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Taiwan reports 1st domestic typhoid case of 2024

02/20/2024 06:28 PM
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Members of the general public exits the National Taiwan University Hospital in this illustrative CNA photo
Members of the general public exits the National Taiwan University Hospital in this illustrative CNA photo

Taipei, Feb. 20 (CNA) Taiwan on Tuesday reported its first locally acquired typhoid fever case this year, a woman in her 20s who traveled to a fishing port in northern Taiwan recently.

The woman, a northern Taiwan resident, developed symptoms such as vomiting and diarrhea on Feb. 2 and sought medical attention before returning home to rest and recuperate, Centers for Disease Control (CDC) physician Lin Yung-ching (林詠青), said Tuesday at a press conference.

She had a fever on Feb. 11 and went to see the doctor again on Feb. 13 and took a test for typhoid fever. The test came back positive on Feb. 16. The woman is still hospitalized for treatment, according to Lin.

The woman has no overseas travel history but had visited a fishing port in northern Taiwan with two friends, where they consumed raw oysters and sashimi. It is likely that she contracted the bacteria through consumption of contaminated raw seafood during the trip, Lin said.

Her two friends also developed vomiting and diarrhea symptoms on Feb. 2 but have recovered, according to CDC Deputy Director General Lo Yi-chun (羅一鈞).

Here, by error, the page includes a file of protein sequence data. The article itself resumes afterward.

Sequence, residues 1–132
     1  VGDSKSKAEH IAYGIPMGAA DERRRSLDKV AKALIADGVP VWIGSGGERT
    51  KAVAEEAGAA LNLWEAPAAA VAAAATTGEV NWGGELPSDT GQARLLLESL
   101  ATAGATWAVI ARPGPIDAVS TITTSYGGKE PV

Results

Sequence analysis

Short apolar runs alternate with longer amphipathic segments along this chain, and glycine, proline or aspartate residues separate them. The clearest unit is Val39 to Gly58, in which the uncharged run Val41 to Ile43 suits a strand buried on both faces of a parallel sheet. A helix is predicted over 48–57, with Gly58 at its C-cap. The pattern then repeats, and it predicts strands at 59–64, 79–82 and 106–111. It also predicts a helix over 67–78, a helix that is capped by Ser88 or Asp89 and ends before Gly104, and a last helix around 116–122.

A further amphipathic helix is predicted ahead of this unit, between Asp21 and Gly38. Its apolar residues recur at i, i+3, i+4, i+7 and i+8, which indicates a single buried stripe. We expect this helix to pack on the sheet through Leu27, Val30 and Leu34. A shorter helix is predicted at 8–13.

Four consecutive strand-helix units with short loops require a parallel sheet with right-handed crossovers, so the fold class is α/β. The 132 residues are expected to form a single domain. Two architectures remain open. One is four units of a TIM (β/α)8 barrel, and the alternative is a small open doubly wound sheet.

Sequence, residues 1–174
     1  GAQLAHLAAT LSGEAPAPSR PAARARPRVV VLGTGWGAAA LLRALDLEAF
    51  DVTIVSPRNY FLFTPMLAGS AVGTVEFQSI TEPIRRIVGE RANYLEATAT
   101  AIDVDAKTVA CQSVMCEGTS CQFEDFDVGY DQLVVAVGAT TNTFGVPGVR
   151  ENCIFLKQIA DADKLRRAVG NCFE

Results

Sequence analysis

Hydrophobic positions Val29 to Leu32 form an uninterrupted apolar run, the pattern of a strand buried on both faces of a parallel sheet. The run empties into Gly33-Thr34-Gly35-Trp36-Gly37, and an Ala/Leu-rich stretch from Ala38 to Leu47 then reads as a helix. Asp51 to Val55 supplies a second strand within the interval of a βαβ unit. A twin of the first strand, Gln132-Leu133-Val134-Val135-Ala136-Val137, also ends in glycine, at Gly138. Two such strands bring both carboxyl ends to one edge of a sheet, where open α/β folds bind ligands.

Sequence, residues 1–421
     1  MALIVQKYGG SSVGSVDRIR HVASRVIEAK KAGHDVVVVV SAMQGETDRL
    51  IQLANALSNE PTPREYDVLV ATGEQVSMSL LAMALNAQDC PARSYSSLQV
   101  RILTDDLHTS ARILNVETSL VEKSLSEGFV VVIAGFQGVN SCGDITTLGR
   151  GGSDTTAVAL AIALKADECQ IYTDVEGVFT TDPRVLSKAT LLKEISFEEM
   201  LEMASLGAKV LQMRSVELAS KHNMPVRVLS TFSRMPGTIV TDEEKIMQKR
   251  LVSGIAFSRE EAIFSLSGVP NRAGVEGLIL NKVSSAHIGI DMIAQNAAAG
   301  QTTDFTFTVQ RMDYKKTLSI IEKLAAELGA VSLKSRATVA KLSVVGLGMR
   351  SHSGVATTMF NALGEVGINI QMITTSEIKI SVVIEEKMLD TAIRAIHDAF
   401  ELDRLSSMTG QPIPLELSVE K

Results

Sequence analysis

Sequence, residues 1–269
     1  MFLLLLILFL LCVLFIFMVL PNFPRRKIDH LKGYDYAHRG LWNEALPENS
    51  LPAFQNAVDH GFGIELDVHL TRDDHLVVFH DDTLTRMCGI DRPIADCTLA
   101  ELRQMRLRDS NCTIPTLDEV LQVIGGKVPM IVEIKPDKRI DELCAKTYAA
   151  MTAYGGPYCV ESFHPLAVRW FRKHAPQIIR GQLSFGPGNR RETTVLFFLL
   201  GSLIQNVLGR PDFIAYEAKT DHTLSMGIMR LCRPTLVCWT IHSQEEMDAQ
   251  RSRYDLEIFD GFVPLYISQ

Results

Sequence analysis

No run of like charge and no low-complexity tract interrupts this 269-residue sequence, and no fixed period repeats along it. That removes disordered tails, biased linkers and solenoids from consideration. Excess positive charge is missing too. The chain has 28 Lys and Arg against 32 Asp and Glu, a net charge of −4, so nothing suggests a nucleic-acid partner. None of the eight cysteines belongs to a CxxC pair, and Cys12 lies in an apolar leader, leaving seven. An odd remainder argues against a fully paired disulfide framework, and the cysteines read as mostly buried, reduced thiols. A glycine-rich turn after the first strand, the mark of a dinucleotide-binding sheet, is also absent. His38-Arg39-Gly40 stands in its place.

Centers for Disease Control Deputy Director General Lo Yi-chun address local press on Tuesday. CNA photo Feb. 20, 2024
Centers for Disease Control Deputy Director General Lo Yi-chun address local press on Tuesday. CNA photo Feb. 20, 2024

In addition, two family members who lived with the woman, her 23 close contacts at work and two food preparation workers at the fishing port have shown no suspected symptoms so far, Lo said, adding that related tests and investigations into the origin of her infection are ongoing.

Taiwan has accumulated 49 typhoid cases since 2019, 18 of which were domestic cases, while 31 were imported, mostly from Indonesia, CDC data showed.

Lin said typhoid is a bacterial infection of the intestinal tract caused by Salmonella enterica serotype Typhi bacteria which have an incubation period ranging from eight to 14 days on average but can range from three to 60 days.

Typhoid fever is transmitted by consuming raw or undercooked food or water contaminated with the feces of an infected person, Lin said.

Common symptoms include persistent fever, a headache, loss of appetite, stomach pain, diarrhea and rash, he added.

Typhoid fever can usually be treated with antibiotic medication, but the case fatality rate can reach 10 percent if left untreated, Lin said.

Given that it is usually spread through ingestion of contaminated food or water, Lin advised people to wash their hands and cook food properly to avoid infection.

(By Zheng Yi-ning and Evelyn Kao)

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